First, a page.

Irvine: Hamilton 'the top driver' but Verstappen the 'ultimate talent'

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Former F1 driver Eddie Irvine believes Lewis Hamilton remains F1's "top driver", but insists the Briton's arch-rival Max Verstappen is "finally getting his act together".

Verstappen gained an upper hand over Hamilton in the Drivers' standings following his win in Monaco, but the Red Bull driver and his opponent left Baku with their points tally unchanged after their respective misfortunes.

The always opinionated Irvine is enjoying watching the straight-forward battle between the sport's two main title contenders.

"The 2021 season so far has been amazing," the former Ferrari driver told "Verstappen is definitely the fastest driver out there at the minute, but you have to say Lewis Hamilton is probably still the top driver.

"It’s been fantastic to watch those two guys go at it. I think it’s going to be a great season."


Irvine sees Verstappen finally coming into his own after six seasons at the pinnacle of motorsport and draws a parallel between the Dutchman and the Irishman's former Scuderia teammate Michael Schumacher.

"Regarding Verstappen’s driving - finally after six seasons he’s definitely getting his act together," added the four-time Grand Prix winner.

"He’s always been super-fast, and you can see that he’s by far the most dominant team leader on the grid.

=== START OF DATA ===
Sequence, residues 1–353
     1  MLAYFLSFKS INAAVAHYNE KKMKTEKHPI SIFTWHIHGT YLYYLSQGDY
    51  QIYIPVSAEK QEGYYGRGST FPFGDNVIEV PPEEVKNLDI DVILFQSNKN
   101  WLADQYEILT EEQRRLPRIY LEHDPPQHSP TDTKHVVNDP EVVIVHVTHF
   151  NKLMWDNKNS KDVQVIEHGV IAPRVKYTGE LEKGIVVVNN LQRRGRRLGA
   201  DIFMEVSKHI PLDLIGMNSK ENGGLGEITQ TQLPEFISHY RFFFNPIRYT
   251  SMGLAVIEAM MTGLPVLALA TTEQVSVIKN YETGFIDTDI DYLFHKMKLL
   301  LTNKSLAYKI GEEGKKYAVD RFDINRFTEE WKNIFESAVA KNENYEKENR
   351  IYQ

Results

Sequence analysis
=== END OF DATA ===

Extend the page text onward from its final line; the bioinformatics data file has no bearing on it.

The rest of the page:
"He’s had many, many different second drivers in the team and none of them have got close to him. So it’s a bit like the Michael Schumacher effect.

"While Lewis has been regularly outqualified and outperformed by his teammates, you’d have to say Verstappen is probably the ultimate talent, although Lewis is a consummate professional and has very few weak spots."

Verstappen and Hamilton have both said that their relationship off the track is governed by respect, despite the occasional mutual dig. But many believe the mind games are slowly but surely ramping up between the pair.

Asked how hard it is not to get personal with a rival in F1, Irvine admitted that during his time in the sport he never had any second thoughts about criticizing another driver if he felt there was something to gain on the track.

"I never had a problem with getting personal," he said. "For me it was all in one, the professional and personal situation.

"All is fair in love and war and I see Formula 1 as war, so I really had no problem with criticising or saying anything that I felt would help me.

"I was there for me and my team, and I didn’t care about anyone else."

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